My Name Is Eric, and I Am a Recovering Big 5 SAP Consultant

Written By: Eric Kimberling
Date: March 4, 2019

My first job when I graduated with my master’s degree was with one of the big system integrators. I was a Big 5 SAP consultant focused primarily on organizational change management at some very large, multi-national organizations.

Though colleagues and I have written about being Accentured and the dark side of the digital transformation, I have to admit that I was once part of this same machine. I am in some ways glad that I had this early experience, but it was in some ways a disappointing way for a naïve 25-year-old to start his career.

My first experience working for a Big 5 system integrator

After being certified in SAP configuration and shadowing a project as part of my initial training, my first project assignment was to lead the reengineering of the returns process for a large, complex telecommunications manufacturing company in Denver. I worked with this client for over a year. It was a fun first project, working with a great client peer and some very good SAP consultants.

I enjoyed learning about the inner-workings of SAP and ERP systems in general. Even more so, I enjoyed learning about how supply chains, manufacturing, and distribution operations worked. I worked for a demanding partner that taught me a ton about the finesse and polish required to be a good ERP consultant. I also made some long-lasting friendships and work relationships that continue to this day.

My challenges as a Big 5 SAP consultant

But some things really bothered me about my experience – both on this first project and others I was involved with while working for the Big 5. We were expected to be at the client site billing from 7:45am until no earlier than 7pm every day. As a 20-something with an active social life, there were a few times I had plans that required me to leave by 6pm, which was highly frowned upon.

It wasn’t the long hours themselves that bothered me – it was that I didn’t feel like I needed to be billing the client 12-13 hours per day. I probably had about 3-4 hours of actual work on any given day, so I spent a lot of time finding other work to do. Since I was working with a team of about 40 consultants on this one client project, there wasn’t enough work to go around – yet I was still expected to bill the client as much as possible.

Biases toward SAP – regardless of client needs

The Big 5 bias toward SAP was also in conflict with my personal values. For example, my first ERP software evaluation process was rigged to point to an SAP recommendation from day 1. I remember being excited to really dig into this particular client’s operations and business needs to find the best technology solution, only to be told that it wasn’t a matter of what we were going to recommend – it was a matter of how we were going to justify SAP.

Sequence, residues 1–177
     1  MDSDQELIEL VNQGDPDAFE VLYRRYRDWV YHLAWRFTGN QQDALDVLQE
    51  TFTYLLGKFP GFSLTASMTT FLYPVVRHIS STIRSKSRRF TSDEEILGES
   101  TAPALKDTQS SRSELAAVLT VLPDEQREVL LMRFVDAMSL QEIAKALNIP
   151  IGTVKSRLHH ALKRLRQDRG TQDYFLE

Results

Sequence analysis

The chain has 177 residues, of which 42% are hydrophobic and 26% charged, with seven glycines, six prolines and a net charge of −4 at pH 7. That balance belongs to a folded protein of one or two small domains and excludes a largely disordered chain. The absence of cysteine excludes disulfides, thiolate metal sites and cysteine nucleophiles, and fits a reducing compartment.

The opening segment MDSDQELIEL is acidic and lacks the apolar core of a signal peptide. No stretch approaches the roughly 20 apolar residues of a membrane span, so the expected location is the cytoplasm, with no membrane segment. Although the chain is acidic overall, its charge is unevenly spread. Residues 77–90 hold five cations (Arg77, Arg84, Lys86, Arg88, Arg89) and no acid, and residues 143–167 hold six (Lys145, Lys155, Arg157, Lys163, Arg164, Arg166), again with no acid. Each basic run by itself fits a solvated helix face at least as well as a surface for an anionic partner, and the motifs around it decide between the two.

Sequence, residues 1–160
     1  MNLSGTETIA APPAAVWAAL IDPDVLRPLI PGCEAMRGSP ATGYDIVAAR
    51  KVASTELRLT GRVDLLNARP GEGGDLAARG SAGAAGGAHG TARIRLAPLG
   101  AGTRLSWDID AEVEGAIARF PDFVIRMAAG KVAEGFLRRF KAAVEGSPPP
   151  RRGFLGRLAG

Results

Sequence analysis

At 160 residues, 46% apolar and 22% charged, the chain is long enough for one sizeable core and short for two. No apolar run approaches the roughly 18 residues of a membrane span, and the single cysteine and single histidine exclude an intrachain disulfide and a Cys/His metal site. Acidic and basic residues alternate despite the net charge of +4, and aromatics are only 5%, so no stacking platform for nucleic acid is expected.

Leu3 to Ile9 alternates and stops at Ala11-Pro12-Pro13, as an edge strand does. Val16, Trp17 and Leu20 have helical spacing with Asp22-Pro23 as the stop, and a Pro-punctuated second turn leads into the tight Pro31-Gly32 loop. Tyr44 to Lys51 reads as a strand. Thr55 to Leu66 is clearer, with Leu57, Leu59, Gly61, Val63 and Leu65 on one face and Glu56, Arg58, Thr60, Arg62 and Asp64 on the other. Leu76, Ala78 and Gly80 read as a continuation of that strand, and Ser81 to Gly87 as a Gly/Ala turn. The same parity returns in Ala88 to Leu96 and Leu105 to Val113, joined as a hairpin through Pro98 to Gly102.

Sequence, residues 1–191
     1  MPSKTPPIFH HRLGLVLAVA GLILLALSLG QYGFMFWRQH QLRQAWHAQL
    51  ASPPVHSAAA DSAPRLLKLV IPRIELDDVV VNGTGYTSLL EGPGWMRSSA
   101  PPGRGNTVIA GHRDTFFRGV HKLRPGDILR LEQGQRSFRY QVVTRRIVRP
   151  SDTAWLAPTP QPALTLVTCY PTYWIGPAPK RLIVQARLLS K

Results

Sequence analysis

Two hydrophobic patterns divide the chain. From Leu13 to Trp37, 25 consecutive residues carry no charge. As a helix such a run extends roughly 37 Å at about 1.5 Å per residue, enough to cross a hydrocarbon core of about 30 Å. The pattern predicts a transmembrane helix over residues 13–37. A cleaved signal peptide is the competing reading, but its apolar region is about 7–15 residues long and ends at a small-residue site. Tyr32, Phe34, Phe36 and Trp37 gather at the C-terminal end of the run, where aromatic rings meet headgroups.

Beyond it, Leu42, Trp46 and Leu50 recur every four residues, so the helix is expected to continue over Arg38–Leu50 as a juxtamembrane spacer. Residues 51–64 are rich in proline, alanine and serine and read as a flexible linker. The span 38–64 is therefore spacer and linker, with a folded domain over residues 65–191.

The bias didn’t stop during the evaluation phase. Even during implementation, the focus was on how we could get more modules of SAP into our scope and more users on the system as quickly as possible. This in and of itself isn’t a bad thing, but it can be when the software isn’t a good fit, or the client isn’t ready to absorb that specific technology. There were times that simple business process improvements could have sufficed, without necessarily needing to complicate things with a big, complex system.

Why I stopped being a Big 5 SAP consultant

Long story short, the biases and lack of focus on client needs didn’t feel right. I enjoyed the learning experience – and may not have otherwise eventually started the independent ERP consulting firms as I had – but it wasn’t a good long-term fit for me. I eventually left to go work for a smaller ERP consulting firm in the utilities and energy industry.

Unfortunately, my career path continued to expose similar biases in the consulting and system integrator industry. Most of my future employers and peer ERP consultants were also in some ways biased, either directly through financial kickbacks from software vendors and/or indirectly through myopic focus on specific technologies. Companies such as Deloitte, Accenture, Capgemini, and other SAP system integrators may be good at what they do, but they sometimes need to be reined in and managed better.

Conclusion: independence is critical to your SAP S/4HANA transformation – or any other ERP initiative

My main lesson from this experience – and my reason for starting Third Stage Consulting – is that independence is critical throughout the entire cycle of any SAP S/4HANA or ERP digital transformation. This technology-agnostic focus is more clearly obvious during the software evaluation stage of your project, but it is just as (if not even more) important throughout the transformation.

An outside, independent voice is the only way to get your SAP system integrator under control and to manage your transformation in a way that makes the most sense for your organization. Feel free to contact me to brainstorm ideas on how you might do this for your organization!

Eric Kimberling
Eric is known globally as a thought leader in the ERP consulting space. He has helped hundreds of high-profile enterprises worldwide with their technology initiatives, including Nucor Steel, Fisher and Paykel Healthcare, Kodak, Coors, Boeing, and Duke Energy. He has helped manage ERP implementations and reengineer global supply chains across the world.
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